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Digital M&A runs into antitrust hurdles with consumer, life sciences, transport and energy deals also targeted

Digital/tech M&A faced antitrust stumbling blocks as authorities ramped up merger control enforcement in the sector. Overall, however, antitrust intervention in 2023 focused on consumer, life sciences, transport and energy deals. Sustainability considerations also began to feature more prominently in merger reviews.

Rise in tech sector intervention

In 2023, antitrust authorities continued to zero in on the potential anti-competitive effects of digital deals. As in the previous year, our data suggests that the level of antitrust intervention in the tech sector (11%) was comparatively lower than the proportion of global M&A accounted for by tech deals (25%).

However, this is up from just 8% in 2022. And the number of tech sector deals frustrated by antitrust authorities has tripled (six in 2023 compared to two the previous year). Authorities are starting to make good on their promises to closely scrutinise tech transactions and intervene more frequently.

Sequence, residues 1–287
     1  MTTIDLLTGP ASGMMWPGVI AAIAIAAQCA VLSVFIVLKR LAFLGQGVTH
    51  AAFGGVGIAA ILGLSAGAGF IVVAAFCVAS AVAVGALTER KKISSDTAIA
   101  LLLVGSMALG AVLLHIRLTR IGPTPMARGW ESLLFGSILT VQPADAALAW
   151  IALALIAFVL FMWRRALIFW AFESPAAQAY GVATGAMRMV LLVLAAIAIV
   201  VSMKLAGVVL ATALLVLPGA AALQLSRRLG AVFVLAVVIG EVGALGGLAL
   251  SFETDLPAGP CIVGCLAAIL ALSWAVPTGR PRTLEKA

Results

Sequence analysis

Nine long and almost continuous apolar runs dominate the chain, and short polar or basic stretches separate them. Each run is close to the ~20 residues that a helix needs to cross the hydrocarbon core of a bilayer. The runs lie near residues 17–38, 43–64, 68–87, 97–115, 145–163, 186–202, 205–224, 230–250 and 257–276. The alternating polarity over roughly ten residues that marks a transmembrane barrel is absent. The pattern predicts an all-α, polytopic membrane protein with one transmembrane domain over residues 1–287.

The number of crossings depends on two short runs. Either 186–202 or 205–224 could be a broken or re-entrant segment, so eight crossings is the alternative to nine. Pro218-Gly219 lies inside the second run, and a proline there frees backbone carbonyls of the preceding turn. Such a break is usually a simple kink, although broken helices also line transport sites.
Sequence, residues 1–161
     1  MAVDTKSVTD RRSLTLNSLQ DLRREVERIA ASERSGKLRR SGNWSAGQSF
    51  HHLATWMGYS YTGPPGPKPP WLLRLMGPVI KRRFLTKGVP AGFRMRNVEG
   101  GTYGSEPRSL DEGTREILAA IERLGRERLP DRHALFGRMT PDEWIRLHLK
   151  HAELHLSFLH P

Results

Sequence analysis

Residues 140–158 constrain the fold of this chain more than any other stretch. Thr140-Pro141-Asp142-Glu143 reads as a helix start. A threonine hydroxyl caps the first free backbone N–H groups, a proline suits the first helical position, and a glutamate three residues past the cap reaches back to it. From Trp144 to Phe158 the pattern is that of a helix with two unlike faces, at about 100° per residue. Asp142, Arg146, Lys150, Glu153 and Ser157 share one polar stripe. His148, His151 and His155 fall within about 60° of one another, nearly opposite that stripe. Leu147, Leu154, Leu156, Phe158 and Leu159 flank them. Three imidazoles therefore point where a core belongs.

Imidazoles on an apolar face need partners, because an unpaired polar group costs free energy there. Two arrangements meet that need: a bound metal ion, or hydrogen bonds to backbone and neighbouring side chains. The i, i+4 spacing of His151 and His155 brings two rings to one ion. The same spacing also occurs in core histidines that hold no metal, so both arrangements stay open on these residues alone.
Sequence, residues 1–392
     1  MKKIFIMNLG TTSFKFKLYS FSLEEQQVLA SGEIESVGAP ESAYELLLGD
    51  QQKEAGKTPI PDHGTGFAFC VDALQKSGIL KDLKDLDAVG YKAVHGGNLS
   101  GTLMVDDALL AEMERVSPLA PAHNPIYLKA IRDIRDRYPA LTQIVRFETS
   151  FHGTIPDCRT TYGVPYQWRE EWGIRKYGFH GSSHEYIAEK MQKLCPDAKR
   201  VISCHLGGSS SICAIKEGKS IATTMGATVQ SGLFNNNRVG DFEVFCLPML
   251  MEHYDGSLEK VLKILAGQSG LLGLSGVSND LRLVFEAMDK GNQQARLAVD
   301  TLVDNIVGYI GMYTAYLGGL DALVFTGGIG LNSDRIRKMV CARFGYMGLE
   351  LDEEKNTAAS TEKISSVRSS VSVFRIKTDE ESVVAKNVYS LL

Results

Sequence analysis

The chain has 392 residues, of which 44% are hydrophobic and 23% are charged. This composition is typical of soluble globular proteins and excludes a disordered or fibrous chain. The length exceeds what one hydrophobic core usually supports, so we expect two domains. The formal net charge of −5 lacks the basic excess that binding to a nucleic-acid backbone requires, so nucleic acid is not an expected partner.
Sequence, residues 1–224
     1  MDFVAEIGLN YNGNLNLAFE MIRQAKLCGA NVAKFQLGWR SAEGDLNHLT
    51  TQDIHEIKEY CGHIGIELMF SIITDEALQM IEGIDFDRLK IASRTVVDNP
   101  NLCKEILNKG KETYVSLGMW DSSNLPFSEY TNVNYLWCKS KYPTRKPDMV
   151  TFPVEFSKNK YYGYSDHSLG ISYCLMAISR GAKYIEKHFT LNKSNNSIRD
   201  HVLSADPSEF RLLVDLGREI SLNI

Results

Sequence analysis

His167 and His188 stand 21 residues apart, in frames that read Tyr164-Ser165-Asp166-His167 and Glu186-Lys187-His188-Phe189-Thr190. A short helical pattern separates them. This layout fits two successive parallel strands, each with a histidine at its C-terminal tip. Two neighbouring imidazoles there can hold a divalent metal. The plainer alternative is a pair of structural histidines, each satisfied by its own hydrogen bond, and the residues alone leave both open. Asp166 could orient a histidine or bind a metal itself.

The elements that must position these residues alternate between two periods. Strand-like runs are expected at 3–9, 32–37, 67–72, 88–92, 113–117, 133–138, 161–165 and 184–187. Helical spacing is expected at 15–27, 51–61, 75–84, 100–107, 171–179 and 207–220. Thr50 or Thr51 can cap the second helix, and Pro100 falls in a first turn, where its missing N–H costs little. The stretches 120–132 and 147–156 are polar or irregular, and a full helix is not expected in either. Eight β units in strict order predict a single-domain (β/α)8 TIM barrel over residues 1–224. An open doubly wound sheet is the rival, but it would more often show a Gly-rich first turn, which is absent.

Significantly, 20% of deals blocked in 2023 were in the tech sector. These included the European Commission (EC)'s prohibition of Booking/eTraveli and Microsoft/Activision Blizzard, blocked in the UK although a restructured transaction was ultimately conditionally cleared.

Adobe and Figma abandoned their deal due to EU and UK antitrust concerns. In 2024 we have already seen the termination of Amazon/iRobot after the EC looked poised to block the deal. Amazon’s GC cited “undue and disproportionate regulatory hurdles”.

Several other deals secured a green light only after extensive remedies were agreed, sometimes across multiple jurisdictions. Broadcom/VMware was a good example, with conditional clearances in the EU, China and South Korea.

In China, semiconductor deals continue to be heavily scrutinised, accounting for ten out of 25 conditional State Administration for Market Reform clearances since 2018 (two of four in 2023). Last year we also saw Intel abandon its purchase of semiconductor rival Tower after failing to secure Chinese merger approval.